When your arm becomes raised, try to prevent the top player pinning your shoulder against your neck. You can buck, turn on your side, grab your inner thigh or any improvisation that keeps your shoulder away from your neck. You’re still resisting your arm being raised and you’re still using the smallest amount of muscular strength and movement as possible. When your shoulder gets pinned to your neck then the resistance stops and the top player finishes the choke.
Here the top player learns all the important details of having a tight hold in this position. Their elbow will be on the ground. Their head will be pressed tightly against their opponent’s head. Their hands will be gripped correctly. If the coach sees that the top player is missing technical details, he should suggest resistance that the bottom player should provide that gives the top player an opportunity to develop the correct technical response.
e.g. If the elbow of the choking arm is not on the ground, the coach might suggest that the bottom player “turn into your opponent and push his head with your free hand”. This brings the space to the attention of the top player. Resisting the head push by driving into it will bring the elbow back down to the ground.
e.g. If the top player’s hands are gripped incorrectly, the coach might suggest the bottom player “bring your feet to your butt and wiggle backwards”. This movement of the bottom player applies external rotatation the top player’s choking arm, signaling him to regrip.
Now you’ll be resisting all of the choke. If your opponent positions your shoulder against your neck, don’t let him tighten the choke. Follow him as he circles and try to create space between your shoulder and your neck. If your opponent is off balance, feel free to reverse him.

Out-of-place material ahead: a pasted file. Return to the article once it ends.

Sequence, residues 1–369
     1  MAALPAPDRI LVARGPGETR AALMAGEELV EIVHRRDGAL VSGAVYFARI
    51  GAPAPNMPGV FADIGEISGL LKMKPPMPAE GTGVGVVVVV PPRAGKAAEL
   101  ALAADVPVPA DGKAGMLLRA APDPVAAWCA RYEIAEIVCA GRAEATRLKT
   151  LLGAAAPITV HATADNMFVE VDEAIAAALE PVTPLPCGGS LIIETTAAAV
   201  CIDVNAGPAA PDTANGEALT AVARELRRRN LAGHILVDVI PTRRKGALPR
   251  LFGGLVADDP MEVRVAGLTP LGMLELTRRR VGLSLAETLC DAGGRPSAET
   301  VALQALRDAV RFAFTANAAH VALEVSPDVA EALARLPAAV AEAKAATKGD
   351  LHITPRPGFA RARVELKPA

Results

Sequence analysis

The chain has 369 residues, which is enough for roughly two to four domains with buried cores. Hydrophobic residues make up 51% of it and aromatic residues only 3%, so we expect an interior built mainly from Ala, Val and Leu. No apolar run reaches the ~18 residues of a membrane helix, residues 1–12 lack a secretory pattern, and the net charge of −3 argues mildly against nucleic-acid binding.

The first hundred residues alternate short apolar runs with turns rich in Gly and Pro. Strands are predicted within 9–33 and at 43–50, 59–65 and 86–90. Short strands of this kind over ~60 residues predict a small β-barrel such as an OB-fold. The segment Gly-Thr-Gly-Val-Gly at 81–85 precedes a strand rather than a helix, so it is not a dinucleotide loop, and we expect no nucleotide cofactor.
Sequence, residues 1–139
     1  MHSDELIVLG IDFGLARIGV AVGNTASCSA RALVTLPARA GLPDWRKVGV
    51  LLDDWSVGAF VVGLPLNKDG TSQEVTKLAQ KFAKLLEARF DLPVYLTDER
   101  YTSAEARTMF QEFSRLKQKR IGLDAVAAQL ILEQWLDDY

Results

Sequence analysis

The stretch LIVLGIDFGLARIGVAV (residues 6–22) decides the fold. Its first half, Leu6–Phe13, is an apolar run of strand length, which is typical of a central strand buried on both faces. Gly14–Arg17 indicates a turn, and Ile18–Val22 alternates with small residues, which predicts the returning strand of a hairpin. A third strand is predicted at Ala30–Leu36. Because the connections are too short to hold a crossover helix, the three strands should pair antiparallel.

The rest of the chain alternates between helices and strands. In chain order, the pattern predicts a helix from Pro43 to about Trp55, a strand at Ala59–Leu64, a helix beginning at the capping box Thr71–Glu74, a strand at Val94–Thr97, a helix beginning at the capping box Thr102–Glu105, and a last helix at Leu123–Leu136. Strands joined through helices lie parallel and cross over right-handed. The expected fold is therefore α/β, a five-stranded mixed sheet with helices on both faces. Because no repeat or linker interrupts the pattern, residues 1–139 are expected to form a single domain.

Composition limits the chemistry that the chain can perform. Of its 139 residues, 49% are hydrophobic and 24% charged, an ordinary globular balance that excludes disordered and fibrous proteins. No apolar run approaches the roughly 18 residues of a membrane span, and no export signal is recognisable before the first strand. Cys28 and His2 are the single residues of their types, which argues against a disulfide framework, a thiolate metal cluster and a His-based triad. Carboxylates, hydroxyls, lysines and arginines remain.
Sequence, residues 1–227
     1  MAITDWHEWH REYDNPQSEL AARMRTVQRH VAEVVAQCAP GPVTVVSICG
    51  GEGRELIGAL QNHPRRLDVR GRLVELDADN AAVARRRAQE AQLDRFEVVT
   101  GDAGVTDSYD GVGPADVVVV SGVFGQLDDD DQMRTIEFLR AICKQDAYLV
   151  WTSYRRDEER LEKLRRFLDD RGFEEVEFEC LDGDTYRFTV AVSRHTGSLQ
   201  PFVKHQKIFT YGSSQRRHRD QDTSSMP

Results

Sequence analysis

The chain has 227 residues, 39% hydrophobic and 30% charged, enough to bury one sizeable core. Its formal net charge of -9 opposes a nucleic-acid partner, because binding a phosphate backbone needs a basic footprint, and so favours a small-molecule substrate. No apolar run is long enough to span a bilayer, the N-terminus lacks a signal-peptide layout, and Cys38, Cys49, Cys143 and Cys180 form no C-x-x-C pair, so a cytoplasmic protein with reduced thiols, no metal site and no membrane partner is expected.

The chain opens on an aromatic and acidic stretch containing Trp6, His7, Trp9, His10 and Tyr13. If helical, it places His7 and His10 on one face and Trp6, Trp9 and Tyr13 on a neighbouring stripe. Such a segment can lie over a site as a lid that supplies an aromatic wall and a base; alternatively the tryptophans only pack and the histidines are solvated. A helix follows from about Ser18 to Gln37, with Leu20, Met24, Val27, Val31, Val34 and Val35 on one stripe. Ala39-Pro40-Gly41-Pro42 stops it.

Here we are drilling the final step of technical resistance. The top player will learn to maintain tight head pressure, have a low base to prevent being reversed, and use his knee to maintain space as he circles.
Finally the coach will add strength and explosiveness to the resistance. If there is a consistent weakness in a particular area, then a new drill is created to emphasize the weak area. Perhaps strength and explosiveness are only allowed in the weak area, or perhaps they are disallowed in the weak area but allowed everywhere else.
The take home message from this example is that the progression of the resistance should be technical (movement based), rather than attribute (strength, flexibility, power) based. This provides the student with an environment where they feel comfortable to experiment and fail, which is necessary for them to learn to succeed. Only once a technical ability is developed should attributes be emphasized.
1 It is often more effective to teach submissions by applying the resistance backwards. This way the learning becomes easier as you progress because you are moving into a familiar behaviour, rather than away from one. Search for backchaining behaviour training to see how it is used in other training areas.
Awesome post Dion. As a result of this sort of drilling the bottom player will also have more technical escapes, correct? Progressive resistance makes sense when explained like this 🙂
Looking forward to Monday class! Any idea what is on the agenda yet?
Drilling this way helps both players improve their understanding, so yes the bottom player’s escapes will also improve. It’s important to remember that the objective (in the arm-triangle example) is for the top player to improve. If the bottom player starts thinking about their own escapes rather that helping the top player, then the drill quickly turns into a roll.
This coming week we’ll be looking at leg locks, particularly how not to panic and injury yourself when you’re in one. See you Monday.